And Victoria commented about her dearly departed dachshund: “I don't think that I will ever recover completely. Since then I have rescued two more doxies, and love them dearly, but…I am still waiting to be with my Scooter.” I can so relate to that too…that feeling of waiting. I don’t find comments likes this – “I will never get over it.” “I am waiting to be with him.” – depressing. They are beautiful to me. They are testaments to relationships that now exist outside of time. Whatever that means, I don’t know (I sometimes write things I don’t fully understand). But this comforts me.
And so does the sharing of stories. I wrote recently in my blog about how I love to hear Alec’s name, how I like to talk about him, to think about him. I know a large part of the pain of losing a loved one can be the feeling of having to keep it inside. Especially in the case of a companion animal, a bereaved person can be made to feel their grief is not legitimate. This is terrible and compounds the tragedy of loss. Social attitudes are changing, but outside the rarified air of ALDF and my simpatico circle of friends, I know it can be a harsh place out there for people grieving the loss of a dear animal companion. That is why we must share our stories – to give each other hope and strength.
Because not everyone feels this way about their companion animals, it is even more important for us to share our stories. Many of us know what it is like not only to open our hearts and truly love a member of another species, but to enact that love with a commitment to the animal and his or her needs (I have personally always found the action part of the verb “love” to be more important than the more passive, feeling part). An animal doesn’t care that you say you love her – show her! Take her for a walk, include her in your life, be HER best friend! At ALDF we often say the law regarding companion animals has not caught up to changing social norms. The notion that animals are mere property is antiquated and has not kept pace with our changing perception of pets as family members. This is true, especially if you hang out in places like the ALDF blog (or in our office)! Yet for every person who mourns the death of a non-human best friend, for every person who turns her life upside down and finances inside out to accommodate a special needs animal or to treat a life-threatening disease, there is another person dumping their erstwhile “family member” at the shelter because they peed in the house, barked too much, shed all over the furniture, or simply required too much time and energy. Sadly, many of these healthy animals, each one as deserving of a loving home as the beloved individual animals in our own lives, will be put to death simply because nobody wanted them.
This shameful killing of former “best friends” happens every day, everywhere, because animals are property and the family member designation is arbitrary, something bestowed upon them by us – and not all of us. We can only hope to form a critical mass eventually, a tipping point where the more mainstream notion is that dogs and cats (and other species we have brought into our homes and made dependent on us) are companions with their own interests and lives – lives that mean everything to them – and not pretty set pieces or ornaments or animated stuffed toys or forgotten shadows on the end of the chain tied up alone in the backyard. The juxtaposition between the cherished relationships described in the comments on my last post and the ways some dogs and cats are (legally) treated is astounding when you really think about it. I believe ALDF and its supporters are at the forefront of a progressive trend. At ALDF we can bring our animal companions to work, we take dog walk breaks, and we are allowed bereavement days when they die – just like a human member of the family. So until not only the law but the rest of society starts to catch up with those of us who truly treat our dogs and cats like cherished friends and family members (not through misguided anthropomorphism but rather a careful consideration of their species-specific needs; to fulfill those needs in a human-centered society is not always easy, but those of us who have truly and respectfully loved an animal find the rewards far outweigh the challenges), we should keep sharing our stories and inspiring one another with our tales of love, commitment, and yes, inevitably loss…but equally inevitable, I hope, will be the post script: learning to love again.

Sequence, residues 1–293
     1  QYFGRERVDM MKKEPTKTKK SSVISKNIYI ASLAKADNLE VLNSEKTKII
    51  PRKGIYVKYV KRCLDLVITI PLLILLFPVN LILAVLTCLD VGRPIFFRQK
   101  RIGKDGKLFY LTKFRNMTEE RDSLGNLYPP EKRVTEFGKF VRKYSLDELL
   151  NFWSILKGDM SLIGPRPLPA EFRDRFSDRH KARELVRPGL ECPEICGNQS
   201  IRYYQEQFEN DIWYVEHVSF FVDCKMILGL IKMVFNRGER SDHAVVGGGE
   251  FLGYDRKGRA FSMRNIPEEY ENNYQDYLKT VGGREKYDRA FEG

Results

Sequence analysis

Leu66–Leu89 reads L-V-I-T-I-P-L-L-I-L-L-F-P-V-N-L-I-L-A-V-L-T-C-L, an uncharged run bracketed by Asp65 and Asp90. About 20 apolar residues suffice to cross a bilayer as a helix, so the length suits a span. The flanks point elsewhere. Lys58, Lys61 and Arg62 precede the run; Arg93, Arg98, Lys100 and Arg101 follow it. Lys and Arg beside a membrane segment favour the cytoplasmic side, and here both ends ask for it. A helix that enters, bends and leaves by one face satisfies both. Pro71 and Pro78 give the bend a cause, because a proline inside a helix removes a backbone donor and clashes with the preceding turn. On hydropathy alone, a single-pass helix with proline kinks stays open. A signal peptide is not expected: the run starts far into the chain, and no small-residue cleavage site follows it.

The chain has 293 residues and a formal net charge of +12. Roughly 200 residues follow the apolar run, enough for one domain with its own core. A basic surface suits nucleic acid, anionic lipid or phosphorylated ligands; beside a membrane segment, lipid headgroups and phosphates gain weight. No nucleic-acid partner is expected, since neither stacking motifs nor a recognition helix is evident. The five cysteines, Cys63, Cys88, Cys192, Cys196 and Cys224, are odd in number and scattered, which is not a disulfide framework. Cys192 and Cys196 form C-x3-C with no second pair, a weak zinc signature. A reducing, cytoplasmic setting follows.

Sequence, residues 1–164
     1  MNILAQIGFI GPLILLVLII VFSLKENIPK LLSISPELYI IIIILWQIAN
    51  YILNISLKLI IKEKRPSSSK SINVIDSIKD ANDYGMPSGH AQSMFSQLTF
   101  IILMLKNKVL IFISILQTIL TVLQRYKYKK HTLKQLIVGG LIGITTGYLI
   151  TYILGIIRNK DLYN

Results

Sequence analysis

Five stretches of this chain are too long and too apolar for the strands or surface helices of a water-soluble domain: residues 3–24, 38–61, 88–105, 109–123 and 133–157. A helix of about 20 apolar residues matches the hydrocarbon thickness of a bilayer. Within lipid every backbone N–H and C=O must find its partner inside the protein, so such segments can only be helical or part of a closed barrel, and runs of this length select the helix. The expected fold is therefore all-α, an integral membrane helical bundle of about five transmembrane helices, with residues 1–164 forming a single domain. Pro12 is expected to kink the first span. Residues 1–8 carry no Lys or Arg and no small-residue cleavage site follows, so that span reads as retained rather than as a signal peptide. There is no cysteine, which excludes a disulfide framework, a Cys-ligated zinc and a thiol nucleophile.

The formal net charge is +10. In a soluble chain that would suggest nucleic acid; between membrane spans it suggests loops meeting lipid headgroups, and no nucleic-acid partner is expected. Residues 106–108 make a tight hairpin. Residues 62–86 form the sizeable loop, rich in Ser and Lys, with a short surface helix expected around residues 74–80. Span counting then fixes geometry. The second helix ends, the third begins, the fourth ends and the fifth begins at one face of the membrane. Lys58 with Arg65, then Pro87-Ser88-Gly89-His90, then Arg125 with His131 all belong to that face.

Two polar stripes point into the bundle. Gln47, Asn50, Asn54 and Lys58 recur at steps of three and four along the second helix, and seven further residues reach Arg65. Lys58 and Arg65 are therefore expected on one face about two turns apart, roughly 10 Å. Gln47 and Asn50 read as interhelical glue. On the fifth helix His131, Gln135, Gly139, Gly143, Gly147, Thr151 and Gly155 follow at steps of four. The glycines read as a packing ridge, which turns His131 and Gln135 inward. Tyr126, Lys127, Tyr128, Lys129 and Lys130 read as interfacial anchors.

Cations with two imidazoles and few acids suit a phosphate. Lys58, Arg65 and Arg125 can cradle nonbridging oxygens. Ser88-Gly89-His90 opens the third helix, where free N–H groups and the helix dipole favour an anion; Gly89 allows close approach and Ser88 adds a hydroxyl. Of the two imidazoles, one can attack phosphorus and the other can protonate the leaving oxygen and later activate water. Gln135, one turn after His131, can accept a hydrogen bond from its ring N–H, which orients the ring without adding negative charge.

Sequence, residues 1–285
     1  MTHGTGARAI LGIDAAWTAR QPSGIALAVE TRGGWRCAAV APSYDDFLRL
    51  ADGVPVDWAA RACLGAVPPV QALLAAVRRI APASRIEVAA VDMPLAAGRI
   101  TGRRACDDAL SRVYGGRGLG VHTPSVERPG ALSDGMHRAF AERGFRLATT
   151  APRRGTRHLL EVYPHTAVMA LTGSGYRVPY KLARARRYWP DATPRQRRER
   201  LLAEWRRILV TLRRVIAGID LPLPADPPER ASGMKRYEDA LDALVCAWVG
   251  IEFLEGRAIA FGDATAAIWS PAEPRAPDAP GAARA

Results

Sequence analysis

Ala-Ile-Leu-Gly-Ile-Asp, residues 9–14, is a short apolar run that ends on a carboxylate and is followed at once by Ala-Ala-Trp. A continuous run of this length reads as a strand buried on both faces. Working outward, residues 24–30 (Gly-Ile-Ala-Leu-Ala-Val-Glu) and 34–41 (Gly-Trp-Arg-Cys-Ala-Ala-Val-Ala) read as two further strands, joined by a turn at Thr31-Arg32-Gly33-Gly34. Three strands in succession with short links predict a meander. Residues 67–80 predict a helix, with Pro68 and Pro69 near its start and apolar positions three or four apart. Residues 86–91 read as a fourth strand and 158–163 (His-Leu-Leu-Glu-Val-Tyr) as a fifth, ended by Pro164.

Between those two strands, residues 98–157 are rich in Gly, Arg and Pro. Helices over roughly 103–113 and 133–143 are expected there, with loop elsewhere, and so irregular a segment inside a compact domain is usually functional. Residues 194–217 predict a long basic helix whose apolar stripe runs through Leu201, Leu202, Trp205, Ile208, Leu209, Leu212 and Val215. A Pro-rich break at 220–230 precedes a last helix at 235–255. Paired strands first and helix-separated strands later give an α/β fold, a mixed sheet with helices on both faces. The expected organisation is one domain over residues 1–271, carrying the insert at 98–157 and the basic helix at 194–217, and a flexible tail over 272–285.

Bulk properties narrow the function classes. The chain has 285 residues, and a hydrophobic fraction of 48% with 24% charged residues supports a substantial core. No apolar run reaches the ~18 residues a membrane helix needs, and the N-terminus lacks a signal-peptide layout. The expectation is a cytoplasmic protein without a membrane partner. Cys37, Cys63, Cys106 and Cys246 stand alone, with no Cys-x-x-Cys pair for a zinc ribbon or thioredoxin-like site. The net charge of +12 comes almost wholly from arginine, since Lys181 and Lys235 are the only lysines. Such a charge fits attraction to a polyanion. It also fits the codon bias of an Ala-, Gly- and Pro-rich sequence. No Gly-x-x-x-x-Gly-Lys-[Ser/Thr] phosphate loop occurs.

A year ago I could not imagine adopting another dog. Yet here I am, head over heels in love with a sweet little one-eyed German shepherd. I’m back in a dog-centric routine, trying every day to make someone happy again…walks, adventures, trips to the park, rides in the car, simple companionship. Teagan is so different from Alec, but she makes me feel close to him because of the joy she has brought back into my life. We have been together three months now. She is amazing and I love her. (To see some pictures of Teagan in her new home with me, you can visit her Facebook page.) I love the idea of adoption as a tribute. All the animals sitting in shelters hoping against a ticking clock that someone chooses them before their time is up would agree. And Teagan’s presence has been so healing to me. Not that I will ever completely heal. Or stop waiting for our miracle. Alec would have been eleven years old next month. Time marches on. But I am hoping he is still with us, with Teagan and me, somewhere outside of time, maybe waiting for me too.